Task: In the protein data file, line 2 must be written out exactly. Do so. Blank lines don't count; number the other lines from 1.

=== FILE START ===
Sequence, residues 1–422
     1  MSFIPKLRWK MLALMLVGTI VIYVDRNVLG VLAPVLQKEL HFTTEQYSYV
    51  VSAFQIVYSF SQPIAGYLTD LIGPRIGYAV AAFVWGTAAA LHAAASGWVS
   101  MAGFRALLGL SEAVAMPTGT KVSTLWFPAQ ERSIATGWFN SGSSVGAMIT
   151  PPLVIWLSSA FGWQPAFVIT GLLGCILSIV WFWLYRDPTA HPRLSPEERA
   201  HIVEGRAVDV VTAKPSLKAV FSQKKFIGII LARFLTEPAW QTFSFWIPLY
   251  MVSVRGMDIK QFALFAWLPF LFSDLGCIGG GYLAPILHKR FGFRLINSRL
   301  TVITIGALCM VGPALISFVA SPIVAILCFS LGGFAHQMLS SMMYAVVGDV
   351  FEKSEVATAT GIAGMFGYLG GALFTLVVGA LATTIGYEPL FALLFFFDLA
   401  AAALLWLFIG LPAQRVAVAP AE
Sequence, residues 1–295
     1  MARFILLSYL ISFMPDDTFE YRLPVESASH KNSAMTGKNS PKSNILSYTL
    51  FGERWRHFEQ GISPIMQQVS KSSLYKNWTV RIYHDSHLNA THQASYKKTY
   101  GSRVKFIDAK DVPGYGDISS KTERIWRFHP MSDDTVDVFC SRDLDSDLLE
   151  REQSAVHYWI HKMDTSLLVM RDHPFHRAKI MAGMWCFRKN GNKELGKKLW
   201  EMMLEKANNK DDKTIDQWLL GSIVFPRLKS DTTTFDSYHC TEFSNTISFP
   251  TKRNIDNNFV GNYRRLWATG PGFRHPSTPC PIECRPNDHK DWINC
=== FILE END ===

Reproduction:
     1  MSFIPKLRWK MLALMLVGTI VIYVDRNVLG VLAPVLQKEL HFTTEQYSYV